It is important to note that it takes a few days for the bank to clear the cheques. This is especially common in cases where the cheque is deposited at a bank branch other than the one at which your account is maintained. So, this means there is a time lag between the issue of cheques and its presentation to the bank. However, there can be situations where your business has overdrafts at the bank. Not Sufficient Funds (NSF) refers to a situation when your bank does not honour your cheque.
Reconciling your bank statement used to involve using a checkbook ledger or a pen and paper, but modern technology—apps and accounting software—has provided easier and faster ways to get the job done. Regardless of how you do it, reconciling your bank account can be a priceless tool in your personal finance arsenal. Such deposits are not showcased in the bank statement on the reconciliation date. This happens due to the time lag between when your business deposits cash or a cheque into its bank account and when your bank credits the same. The bank balance showcased in the passbook or the bank statement must match the balance reflected in the cash book of the customer.
Single-entry bookkeeping is less complicated than double-entry and may be adequate for smaller businesses. Companies with single-entry bookkeeping systems can perform a form of reconciliation by comparing invoices, receipts, and other documentation against the entries in their books. Another way of performing a reconciliation is via the account conversion method.
It is important to note that such charges are not recorded by you as a business till the time your bank provides you with the bank statement at the end of every month. These outstanding deposits must be deducted from the balance as per the cash book in the bank reconciliation statement. If you’re working for yourself, you (or your accountant or bookkeeper) will perform bank reconciliation.
The process also applies to payables and receivables that are facilitated by third party card issuer or payment processor. It’s also important to ensure you maintain detailed records of the three-way reconciliation accounting process. There are many types of reconciliation in accounting, with the best method for a situation generally depending on the type of account that you’re looking to reconcile. I know you’d rather be selling your products or providing services to your clients than being stuck in the office doing account reconciliations. But the good news is, if they’re done on a timely basis, they become much easier. Once the trial balance looks accurate, you can rest assured your accounts have been reconciled properly.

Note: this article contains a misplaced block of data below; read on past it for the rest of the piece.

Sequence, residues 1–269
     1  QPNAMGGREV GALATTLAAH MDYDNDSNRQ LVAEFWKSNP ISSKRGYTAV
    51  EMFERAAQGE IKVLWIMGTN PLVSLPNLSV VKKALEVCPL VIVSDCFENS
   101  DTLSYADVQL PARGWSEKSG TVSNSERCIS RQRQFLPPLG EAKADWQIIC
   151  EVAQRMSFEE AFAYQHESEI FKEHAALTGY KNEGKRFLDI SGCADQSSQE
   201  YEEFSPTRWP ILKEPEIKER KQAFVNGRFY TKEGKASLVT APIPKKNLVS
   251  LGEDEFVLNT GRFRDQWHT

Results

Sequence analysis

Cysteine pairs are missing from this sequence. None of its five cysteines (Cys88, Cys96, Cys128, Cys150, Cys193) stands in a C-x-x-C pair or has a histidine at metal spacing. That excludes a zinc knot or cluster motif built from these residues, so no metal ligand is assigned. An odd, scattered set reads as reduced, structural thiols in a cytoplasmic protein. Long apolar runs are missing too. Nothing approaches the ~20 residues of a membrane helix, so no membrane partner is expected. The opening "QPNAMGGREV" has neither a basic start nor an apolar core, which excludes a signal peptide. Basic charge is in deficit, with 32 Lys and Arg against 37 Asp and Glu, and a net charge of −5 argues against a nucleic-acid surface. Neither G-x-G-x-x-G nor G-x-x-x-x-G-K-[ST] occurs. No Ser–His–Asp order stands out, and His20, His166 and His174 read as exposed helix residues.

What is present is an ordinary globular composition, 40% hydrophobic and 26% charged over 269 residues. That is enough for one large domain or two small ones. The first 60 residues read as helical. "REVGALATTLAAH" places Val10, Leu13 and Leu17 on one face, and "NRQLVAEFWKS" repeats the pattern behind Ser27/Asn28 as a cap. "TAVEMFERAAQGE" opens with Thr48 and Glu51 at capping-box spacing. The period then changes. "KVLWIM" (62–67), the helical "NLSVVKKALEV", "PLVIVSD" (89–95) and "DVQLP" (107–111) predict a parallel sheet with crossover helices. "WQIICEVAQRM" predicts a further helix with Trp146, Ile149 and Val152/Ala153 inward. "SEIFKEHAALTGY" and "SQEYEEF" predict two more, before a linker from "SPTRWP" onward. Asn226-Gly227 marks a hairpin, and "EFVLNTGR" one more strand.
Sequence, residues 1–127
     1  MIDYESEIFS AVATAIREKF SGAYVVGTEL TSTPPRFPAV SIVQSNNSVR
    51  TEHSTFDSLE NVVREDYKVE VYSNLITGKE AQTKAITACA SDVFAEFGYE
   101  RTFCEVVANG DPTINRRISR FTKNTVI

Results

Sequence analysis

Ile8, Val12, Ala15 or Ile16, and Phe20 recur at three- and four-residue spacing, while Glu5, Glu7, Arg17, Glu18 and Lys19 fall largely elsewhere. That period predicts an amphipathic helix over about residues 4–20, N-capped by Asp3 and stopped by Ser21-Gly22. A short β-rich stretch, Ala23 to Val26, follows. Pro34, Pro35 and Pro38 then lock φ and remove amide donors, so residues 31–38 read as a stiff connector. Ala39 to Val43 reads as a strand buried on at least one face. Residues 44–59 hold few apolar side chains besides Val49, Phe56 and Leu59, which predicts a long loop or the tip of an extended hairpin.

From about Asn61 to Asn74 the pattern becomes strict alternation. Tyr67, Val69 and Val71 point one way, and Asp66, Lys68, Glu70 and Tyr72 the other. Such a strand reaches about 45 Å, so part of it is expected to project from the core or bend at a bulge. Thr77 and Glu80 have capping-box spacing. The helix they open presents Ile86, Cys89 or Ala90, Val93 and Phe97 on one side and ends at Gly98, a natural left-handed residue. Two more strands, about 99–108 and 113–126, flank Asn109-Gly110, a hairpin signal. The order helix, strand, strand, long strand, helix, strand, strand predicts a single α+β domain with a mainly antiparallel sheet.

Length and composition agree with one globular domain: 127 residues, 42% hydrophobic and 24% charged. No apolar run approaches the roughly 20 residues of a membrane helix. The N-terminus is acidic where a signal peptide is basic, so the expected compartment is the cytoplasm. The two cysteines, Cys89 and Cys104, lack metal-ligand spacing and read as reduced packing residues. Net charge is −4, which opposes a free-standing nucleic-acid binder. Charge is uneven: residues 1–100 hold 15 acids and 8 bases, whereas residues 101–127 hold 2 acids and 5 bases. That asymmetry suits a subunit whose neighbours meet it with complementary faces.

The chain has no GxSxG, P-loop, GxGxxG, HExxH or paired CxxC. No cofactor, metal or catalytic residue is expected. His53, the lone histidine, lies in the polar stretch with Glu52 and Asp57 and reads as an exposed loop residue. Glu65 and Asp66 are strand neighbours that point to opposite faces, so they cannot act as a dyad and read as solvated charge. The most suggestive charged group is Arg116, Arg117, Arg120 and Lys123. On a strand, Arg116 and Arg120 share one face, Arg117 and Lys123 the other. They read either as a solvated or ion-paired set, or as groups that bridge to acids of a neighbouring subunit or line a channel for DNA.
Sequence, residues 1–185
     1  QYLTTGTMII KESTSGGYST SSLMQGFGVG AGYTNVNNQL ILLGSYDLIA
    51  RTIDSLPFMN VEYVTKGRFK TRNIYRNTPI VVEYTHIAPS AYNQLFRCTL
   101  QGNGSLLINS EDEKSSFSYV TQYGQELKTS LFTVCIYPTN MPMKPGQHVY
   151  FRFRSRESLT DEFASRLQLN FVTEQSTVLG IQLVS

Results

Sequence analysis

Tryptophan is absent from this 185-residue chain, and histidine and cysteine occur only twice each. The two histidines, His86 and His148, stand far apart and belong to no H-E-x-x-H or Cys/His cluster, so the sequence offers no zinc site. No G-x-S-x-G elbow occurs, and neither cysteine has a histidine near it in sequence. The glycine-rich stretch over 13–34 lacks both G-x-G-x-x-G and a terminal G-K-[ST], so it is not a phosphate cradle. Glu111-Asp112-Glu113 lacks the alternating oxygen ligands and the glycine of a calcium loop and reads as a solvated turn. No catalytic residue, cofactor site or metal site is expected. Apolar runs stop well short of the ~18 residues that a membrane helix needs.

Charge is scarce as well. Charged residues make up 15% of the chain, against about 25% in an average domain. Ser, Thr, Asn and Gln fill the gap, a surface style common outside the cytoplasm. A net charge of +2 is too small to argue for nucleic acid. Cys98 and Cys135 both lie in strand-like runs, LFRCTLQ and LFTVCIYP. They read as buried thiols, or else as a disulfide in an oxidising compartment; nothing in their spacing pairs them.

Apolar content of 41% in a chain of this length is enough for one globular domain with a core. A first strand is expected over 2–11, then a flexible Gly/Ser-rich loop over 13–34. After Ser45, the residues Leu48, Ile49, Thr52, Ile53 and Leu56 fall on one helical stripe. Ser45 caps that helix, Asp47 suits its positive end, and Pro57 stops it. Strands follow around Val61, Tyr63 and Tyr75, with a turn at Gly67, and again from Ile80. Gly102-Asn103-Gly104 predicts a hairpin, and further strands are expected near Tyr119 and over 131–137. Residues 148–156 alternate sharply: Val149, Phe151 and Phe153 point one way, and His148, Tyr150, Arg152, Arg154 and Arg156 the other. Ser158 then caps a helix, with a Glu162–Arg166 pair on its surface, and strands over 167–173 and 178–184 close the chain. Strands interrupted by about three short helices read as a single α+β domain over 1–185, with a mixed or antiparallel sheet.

You will need to check the bank and ledger balances to ensure that there are no short payments, deductions, disputes, and to stop credit facility for defaulting customers. Reconciliation ensures that accounting records are accurate, by detecting bookkeeping errors and fraudulent transactions. The differences may sometimes be acceptable due to the timing of payments and deposits, but any unexplained differences may point to potential theft or misuse of funds. Also, transactions appearing in the bank statement but missing in the cash book should be noted. Some of the transactions affected may include ATM service charges, check printing fees. Ideally, you should reconcile your books of accounts with your bank account each time you receive the statement from your bank.
Similarly, if there are deposits appearing in the bank statement but are not in the cash book, add the entries to the cash book balance. The bank discovered that the mysterious transaction was a bank error, and therefore, reimbursed the company for the incorrect deductions. Rectifying the bank errors bring the bank statement balance and the cash book balance into an agreement. Reconciling an account is an accounting process that is used to ensure that the transactions in a company’s financial records are consistent with independent third party reports.